As 2014 comes to a close, I take a look at the year that was.
In January, we announced that the Ancient & Modern award for original research has gone to Dr Peter Andrews (76), doyen of Asian tent studies, with Harriet Rix (23) taking the Godfrey Goodwin prize. Above, Dr Andrews is shown examining the 18th-century tent of the Indian ruler Tipu Sultan at Powis Castle in Wales.
Photo: WikiMedia Commons
In February, we learned that the Lycian city of Phaselis, west of Antalya on Turkey’s southern coast, is set to become the latest victim of the ‘insatiable developer’s greed consuming Turkey’s heritage’. The responsible Rixos Hotels group – that ironically titled the project ‘Dream of Phaselis’ – has been quiet on the development front so far.
Photo: Bulent Kilic
The above shows a young woman getting detained during clashes between riot police and protesters following the funeral of Berkin Elvan in Ankara in March. Photo taken by Bulent Kilic, whom the Guardian recently named photographer of the year.
Our hearts went out to the Crimean Tatars who suffered as a result of the Russia-Ukraine conflict. In March, they protested in Simferopol and resolved not to take sides, issuing a statement saying that ‘The Federation of Crimean Tatars (KTDF) is not Party to the Rivalry between Ukraine and Russia’.
At the height of his paranoia, Erdoğan banned Twitter in March. It was back online in April.
Photo: Dice Kayek
Photo: Yasar Adanali, an urbanist who says Istanbullus ‘live in a giant construction site’
Even more rampant developments were announced in Istanbul and we looked at the top 10 narcissistic projects signed off by the bulldozer-happy Erdoğan.
Photo: Bulent Kilic
Tragedy struck in May, when an explosion in a coal mine in Soma, Manisa killed 301 people, injured hundreds more and devastated the entire community.
Pergamon (photo: WikiMedia Commons)
In June, two more Turkish sites were added to the UNESCO World Heritage List – Bursa and Pergamon joined the nine other sites on the list.
In July, we farewelled the Turkey-born, British author Dr Andrew Mango, who, according to Andrew Finkel, was an ‘intimate friend of the Turkey [who] understood its frailties all too well and loved it all the same’.
Photo: Hurriyet Daily News blog
In the summer, Turkey saw a schizophrenic climate – drought one minute, flooding the next.
In August, we were saddened by the news that an Istanbul institution, Pando Kaymak – a breakfast cafe in Beşiktaş – has been given an eviction notice. Indeed, 90-something-year-old Pandelli Shestakof closed up shop on the 100-plus-year-old family business in October.
Photo: Bulent Kilic
In September, ISIS advanced on the Turkish-Syrian border, displacing the Kurdish community living there. The above photo shows a Syrian Kurdish woman crossing the border from Syria into Turkey.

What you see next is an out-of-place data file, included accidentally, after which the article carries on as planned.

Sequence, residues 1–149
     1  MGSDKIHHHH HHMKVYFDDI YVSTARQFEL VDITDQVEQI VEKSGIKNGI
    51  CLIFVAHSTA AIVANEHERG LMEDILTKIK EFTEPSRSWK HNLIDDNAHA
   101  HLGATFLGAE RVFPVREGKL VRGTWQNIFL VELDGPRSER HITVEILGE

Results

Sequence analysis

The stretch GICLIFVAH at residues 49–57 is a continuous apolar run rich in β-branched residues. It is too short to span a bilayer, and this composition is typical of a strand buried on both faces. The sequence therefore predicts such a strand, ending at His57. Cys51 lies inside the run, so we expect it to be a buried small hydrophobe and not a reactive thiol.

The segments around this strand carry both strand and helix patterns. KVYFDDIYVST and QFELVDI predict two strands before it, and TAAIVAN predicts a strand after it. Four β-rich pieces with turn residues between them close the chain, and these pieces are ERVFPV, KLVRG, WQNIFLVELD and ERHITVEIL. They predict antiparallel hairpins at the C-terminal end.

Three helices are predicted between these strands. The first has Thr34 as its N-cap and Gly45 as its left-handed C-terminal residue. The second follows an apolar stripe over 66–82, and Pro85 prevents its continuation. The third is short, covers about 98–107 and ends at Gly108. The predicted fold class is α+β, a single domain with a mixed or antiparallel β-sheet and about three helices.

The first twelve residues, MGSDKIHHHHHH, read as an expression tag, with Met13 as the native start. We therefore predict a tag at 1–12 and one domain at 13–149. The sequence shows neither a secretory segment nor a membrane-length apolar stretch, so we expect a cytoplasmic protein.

In September, the Istanbul Extreme Regatta took place with twelve boats from around the world taking part. The Turkish team finished fourth.
Towards the end of the year, two art fairs brought the best of contemporary art to Istanbul – ArtInternational took place in September and Contemporary Istanbul took place in November. In general, 2014 was not a great year for the Istanbul art scene. Various galleries suffered financially and had to close down, including Galeri Mana and photography gallery Elipsis gallery.
Photo: Ali Güler
In November, the second edition of the Design Biennial in Istanbul gave a sneak peek into the future of design in the country.
One of the most important exhibitions taking place in Istabul is the Joan Miró retrospective at the Sakıp Sabancı Museum. The intelligently laid out and cleverly lit show continues until February 2015.
Still from ‘Winter's Sleep’
Turkish cinema celebrated its 100th birthday in 2014, with a number of events, exhibitions and screenings taking place throughout the year. One of the highlights was the 100 years of love exhibition at Istanbul Modern. It was an especially big year for Turkish director Nuri Bilge Ceylan who took the Palme D’Or at Cannes for his three-hour-plus odyssey The Winter’s Sleep. Turkish documentaries too gathered a lot of attention, with Cem Kaya’s Remake, Remix, Rip-Off being described as ‘a raucous, rowdy and regrettably scatter-brain… side-splitting essay film’ by Variety.
A painting by Abdülaziz’s (1861–1876) principal court painter, Stanislaw Chlebowski, which shows Sultan Ahmed III hunting with falcons (1873, oil on canvas, 111 x 189.5 cm, National Museum in Poznan), part of the ‘Orientalism in Polish Art’ exhibition at the Pera Museum
2014 marked the 600th anniversary of diplomatic Turkish-Polish relations, with excellent exhibitions staged at the Sakıp Sabancı Museum, the Pera Museum, as well as other arts institutions and galleries throughout the city. There were also a plethora of other events including film screenings, concerts and theatre.
Proganda postcards on show at the ‘Propaganda and War’ exhibition at the RCAC
Here’s to a happy and healthy 2015!
Main image shows a man shielding a woman from a police officer during protests near Taksim Square in May to mark the one-year anniversary of the Gezi Park protests (photo: Bulent Kilic).